Swing-By Applications and Estimation of the Van Allen Belts’ Radiation Exposure for a Spacecraft in a Low Thrust Transfer to the Moon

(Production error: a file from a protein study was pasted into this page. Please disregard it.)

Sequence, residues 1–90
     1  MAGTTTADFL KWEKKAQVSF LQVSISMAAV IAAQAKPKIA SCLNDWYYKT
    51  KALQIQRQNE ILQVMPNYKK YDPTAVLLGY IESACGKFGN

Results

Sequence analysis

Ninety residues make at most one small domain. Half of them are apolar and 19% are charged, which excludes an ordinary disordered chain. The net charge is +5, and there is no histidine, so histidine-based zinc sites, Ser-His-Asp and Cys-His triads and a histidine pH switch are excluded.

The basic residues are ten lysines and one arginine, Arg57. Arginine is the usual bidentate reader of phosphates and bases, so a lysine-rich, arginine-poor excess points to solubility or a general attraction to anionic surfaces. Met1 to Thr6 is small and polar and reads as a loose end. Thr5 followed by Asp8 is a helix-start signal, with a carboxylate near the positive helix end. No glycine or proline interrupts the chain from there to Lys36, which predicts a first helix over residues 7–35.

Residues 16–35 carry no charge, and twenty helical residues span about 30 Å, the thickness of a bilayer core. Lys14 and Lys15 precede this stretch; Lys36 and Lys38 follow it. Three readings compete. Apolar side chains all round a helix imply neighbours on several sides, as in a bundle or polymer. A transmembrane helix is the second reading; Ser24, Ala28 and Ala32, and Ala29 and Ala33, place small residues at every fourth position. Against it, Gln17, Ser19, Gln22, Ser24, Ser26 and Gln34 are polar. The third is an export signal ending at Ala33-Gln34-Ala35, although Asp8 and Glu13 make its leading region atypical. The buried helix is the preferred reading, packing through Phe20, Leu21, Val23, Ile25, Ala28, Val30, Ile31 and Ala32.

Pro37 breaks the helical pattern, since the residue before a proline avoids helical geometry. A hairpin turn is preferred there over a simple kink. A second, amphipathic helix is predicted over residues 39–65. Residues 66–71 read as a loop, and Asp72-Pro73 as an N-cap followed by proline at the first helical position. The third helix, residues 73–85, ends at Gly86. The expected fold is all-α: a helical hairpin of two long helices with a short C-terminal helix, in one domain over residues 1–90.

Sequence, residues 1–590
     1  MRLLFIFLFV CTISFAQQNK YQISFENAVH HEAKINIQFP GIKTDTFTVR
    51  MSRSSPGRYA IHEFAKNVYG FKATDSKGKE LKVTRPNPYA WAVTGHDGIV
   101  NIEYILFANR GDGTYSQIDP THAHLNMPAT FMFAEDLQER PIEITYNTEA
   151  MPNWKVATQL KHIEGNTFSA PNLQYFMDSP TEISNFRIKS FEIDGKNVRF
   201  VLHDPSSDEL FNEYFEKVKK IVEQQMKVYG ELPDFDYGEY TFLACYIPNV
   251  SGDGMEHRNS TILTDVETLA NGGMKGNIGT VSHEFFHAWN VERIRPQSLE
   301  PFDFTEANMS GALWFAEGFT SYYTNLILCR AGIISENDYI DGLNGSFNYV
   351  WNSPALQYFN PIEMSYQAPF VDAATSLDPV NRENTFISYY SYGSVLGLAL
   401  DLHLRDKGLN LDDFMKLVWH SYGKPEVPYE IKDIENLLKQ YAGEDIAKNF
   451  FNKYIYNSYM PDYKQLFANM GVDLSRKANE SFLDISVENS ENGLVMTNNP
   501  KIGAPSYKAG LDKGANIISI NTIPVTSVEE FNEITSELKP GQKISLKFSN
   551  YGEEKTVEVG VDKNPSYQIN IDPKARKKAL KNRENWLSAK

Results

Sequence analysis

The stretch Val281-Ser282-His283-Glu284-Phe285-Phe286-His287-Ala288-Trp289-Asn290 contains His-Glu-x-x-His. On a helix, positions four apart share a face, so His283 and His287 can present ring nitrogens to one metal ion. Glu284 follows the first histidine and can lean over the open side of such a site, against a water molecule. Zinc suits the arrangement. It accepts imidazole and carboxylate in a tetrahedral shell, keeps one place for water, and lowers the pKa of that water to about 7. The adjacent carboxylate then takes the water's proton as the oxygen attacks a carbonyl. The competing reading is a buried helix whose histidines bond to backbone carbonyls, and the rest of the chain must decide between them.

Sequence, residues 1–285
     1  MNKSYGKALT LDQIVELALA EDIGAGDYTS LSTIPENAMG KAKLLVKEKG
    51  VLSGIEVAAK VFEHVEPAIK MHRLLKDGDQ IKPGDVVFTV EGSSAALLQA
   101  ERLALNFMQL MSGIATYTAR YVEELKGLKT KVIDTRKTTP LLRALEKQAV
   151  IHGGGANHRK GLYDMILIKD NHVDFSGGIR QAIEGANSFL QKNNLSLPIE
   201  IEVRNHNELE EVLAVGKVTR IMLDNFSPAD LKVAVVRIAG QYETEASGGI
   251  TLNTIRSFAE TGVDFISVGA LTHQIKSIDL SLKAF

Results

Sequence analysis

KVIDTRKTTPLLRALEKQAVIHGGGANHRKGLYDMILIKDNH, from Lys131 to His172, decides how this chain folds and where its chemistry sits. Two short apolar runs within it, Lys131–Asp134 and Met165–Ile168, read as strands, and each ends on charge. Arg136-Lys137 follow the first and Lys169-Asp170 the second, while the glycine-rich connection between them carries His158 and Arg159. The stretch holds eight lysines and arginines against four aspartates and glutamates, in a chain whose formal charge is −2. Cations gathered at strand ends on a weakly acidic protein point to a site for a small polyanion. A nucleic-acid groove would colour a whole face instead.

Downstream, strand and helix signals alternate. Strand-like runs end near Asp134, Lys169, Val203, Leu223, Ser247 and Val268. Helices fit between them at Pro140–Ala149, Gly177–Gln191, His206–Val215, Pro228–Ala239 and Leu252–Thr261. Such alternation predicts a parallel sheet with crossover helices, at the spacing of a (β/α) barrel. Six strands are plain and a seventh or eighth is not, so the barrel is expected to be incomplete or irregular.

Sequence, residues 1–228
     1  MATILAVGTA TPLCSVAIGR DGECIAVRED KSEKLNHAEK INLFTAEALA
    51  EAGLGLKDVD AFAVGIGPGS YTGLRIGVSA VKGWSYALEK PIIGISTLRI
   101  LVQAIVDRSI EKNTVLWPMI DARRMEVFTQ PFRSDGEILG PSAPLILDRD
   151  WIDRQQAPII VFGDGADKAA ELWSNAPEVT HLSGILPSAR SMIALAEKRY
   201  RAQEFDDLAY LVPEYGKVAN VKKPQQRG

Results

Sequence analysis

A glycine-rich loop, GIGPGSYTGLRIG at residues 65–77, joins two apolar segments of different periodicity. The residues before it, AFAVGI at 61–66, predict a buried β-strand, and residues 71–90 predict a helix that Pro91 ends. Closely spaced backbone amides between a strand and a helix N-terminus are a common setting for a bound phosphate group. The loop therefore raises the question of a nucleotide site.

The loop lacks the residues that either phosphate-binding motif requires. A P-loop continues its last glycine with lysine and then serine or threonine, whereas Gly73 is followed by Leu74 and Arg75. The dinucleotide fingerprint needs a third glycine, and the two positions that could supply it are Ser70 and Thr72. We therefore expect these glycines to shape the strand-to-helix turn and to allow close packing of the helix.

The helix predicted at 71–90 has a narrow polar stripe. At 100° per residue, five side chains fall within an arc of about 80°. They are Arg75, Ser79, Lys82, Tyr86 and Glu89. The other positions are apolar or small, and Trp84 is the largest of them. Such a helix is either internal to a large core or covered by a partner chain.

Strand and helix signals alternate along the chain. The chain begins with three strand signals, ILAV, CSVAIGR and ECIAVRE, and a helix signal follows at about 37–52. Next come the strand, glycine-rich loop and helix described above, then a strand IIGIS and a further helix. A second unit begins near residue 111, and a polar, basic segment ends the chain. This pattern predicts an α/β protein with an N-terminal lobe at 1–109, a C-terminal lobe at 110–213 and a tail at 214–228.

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This paper presents a handful of the underlying properties of a spacecraft’s transfer from a low Earth orbit (LEO) to the moon’s orbit using an electric propulsion (low-thrust) system. The use of analytical and numerical-analytical modeling in complex natural and technical processes is a key factor in this issue of Symmetry, which has been thoroughly explored in this paper. First, an optimization problem was considered to find the locations and lengths of the thrust arcs that maximizes the final mass of the spacecraft for a number of transfer orbits, thereby limiting the scope of trajectories to the most fuel-efficient ones. In addition to this, the Van Allen belts were modelled according to the density of electrons and protons in each point of space, in order to measure the total radiation absorbed by the spacecraft through an integration of the density of particles over the corresponding time. The simulations were then able to predict the relationship between the fluence of the particles and several initial parameters, such as the initial orbit’s eccentricity and the propulsion system’s characteristics. Then, a multi-linear regression and an artificial neural network were fitted to the data through a regression that related the fluence of protons and electrons as a function of the following parameters: mission time, specific impulse, thrust, final mass (i.e., propellant consumption) and the initial height of the perigee, eccentricity and inclination. This analysis was proven to be powerful due to the expressive values from statistical tests, showing underlying positive correlations between thrust, mission time and final spacecraft mass with the fluence of particles, and negative correlations between specific impulse, initial orbit eccentricity, inclination and the height of the perigee with the fluence of particles. Finally, an analysis of a swing-by maneuver was also carried out, together with the radiation incidence, revealing hidden dependencies of the increments in energy and velocity with respect to the fuel consumption, radiation absorption, propulsion system and initial orbit parameters.